Following Up on Missions Opportunities

April 23, 2020
Following Up on Missions Opportunities

This article is part 4 of a complete guide for missions during COVID-19.

Find the rest of the guide here



As the church serves its neighbors and community, issue the challenge that the ministry is more than a one-time event. Rather, consider it a continual process. International missionaries have shared the damage that results when a team makes a trip, builds relationships through service, then never returns. Similarly, those ministered to during a crisis are appreciative of the service, but we need to build a lasting relationship.


The unchurched are open to relational connections. These practical suggestions meet a real need; but more importantly, they open doors for relationships through the demonstrated compassion. On-going ministry to one’s neighbors and community facilitates deeper relationships that foster gospel witness.


The relationship developed through service can lead to gospel conversations. The ultimate motivation for the service is to create the opportunity to share how your neighbor can come to saving knowledge of Jesus. Through this process, you are accepting spiritual responsibility for your neighbor.


If your neighbor does not respond immediately, do not give up. Continue to show Christ’s love through your service. Commit to a long-term relationship, knowing that God is using your service to draw your neighbor to Himself.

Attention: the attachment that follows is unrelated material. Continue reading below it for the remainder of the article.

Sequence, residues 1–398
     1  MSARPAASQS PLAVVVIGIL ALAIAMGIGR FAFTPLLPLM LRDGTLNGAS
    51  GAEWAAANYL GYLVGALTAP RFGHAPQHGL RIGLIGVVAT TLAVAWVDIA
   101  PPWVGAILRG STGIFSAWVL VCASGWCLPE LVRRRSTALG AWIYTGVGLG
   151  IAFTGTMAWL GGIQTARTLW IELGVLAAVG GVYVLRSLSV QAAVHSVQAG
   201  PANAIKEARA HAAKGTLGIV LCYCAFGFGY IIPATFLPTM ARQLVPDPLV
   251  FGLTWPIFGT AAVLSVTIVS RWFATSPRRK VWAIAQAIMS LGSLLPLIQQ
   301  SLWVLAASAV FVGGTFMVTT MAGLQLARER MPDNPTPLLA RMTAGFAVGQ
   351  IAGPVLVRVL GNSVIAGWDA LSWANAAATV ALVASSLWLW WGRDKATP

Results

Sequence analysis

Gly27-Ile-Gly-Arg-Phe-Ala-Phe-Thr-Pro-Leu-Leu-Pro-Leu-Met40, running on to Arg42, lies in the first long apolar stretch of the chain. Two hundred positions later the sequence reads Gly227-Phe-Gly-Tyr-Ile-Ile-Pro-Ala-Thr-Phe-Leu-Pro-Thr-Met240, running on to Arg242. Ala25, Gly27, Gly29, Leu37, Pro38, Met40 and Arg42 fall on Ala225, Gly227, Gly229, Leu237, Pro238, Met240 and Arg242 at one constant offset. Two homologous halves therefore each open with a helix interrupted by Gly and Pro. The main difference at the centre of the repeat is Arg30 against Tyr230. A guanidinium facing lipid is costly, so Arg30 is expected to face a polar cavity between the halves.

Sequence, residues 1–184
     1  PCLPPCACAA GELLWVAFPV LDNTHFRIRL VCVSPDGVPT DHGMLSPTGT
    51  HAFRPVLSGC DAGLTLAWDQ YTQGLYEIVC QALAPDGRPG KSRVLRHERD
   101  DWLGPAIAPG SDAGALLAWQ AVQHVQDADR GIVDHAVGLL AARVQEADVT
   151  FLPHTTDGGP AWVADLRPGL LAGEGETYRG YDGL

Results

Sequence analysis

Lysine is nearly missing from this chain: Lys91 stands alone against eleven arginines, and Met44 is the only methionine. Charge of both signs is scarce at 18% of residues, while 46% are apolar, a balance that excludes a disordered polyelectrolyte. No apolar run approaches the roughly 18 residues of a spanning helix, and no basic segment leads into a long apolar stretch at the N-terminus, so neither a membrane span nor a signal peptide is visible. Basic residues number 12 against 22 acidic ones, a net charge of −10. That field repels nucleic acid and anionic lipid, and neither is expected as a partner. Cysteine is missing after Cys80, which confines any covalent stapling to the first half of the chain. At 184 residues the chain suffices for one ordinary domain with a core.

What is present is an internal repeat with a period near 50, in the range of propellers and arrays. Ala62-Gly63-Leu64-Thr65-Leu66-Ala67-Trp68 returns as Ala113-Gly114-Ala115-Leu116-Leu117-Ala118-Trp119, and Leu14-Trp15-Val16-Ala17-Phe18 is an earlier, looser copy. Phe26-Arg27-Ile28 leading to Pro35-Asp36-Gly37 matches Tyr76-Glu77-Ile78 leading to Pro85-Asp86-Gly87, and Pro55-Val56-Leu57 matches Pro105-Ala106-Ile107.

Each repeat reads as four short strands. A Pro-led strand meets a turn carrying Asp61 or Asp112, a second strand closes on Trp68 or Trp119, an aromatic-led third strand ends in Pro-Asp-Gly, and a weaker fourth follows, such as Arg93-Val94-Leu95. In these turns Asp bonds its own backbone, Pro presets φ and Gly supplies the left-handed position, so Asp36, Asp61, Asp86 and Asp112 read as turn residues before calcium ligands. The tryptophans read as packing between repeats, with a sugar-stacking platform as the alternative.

Here are some practical suggestions to help you follow-up with the ministry to your neighbor:


  • Ask how you can pray for them, then communicate regularly that you are praying for the need and ask for updates on how God has answered.
  • Be an encourager. Times of crisis affect people in different ways, and it may be that an encouraging word gives hope during this time.
  • Invite them to your virtual church services. Host a Facebook watch party and invite your neighbor to watch with you.
  • Capitalize on common interests. Consider ways to build the relationship using hobbies or mutual activities. For example, if you and your neighbor both like to fish, plan a fishing trip.
  • Enlist others to pray with you for your neighbor. Ask some others from your Sunday School class or small group to join you in praying for the neighbor.
  • Introduce your neighbors to others in the church, especially if they are also neighbors, and invite them to also minister to the unchurched neighbor.
  • Plan for the return to normal. The time will come when the church can return to its regular corporate gatherings. Consider events that your neighbor may be open to attending, such as Vacation Bible School for his children or a Wild Game Dinner. Use the multiple relationships developed to invite them to Sunday School and worship.



Continue to Part 5 >>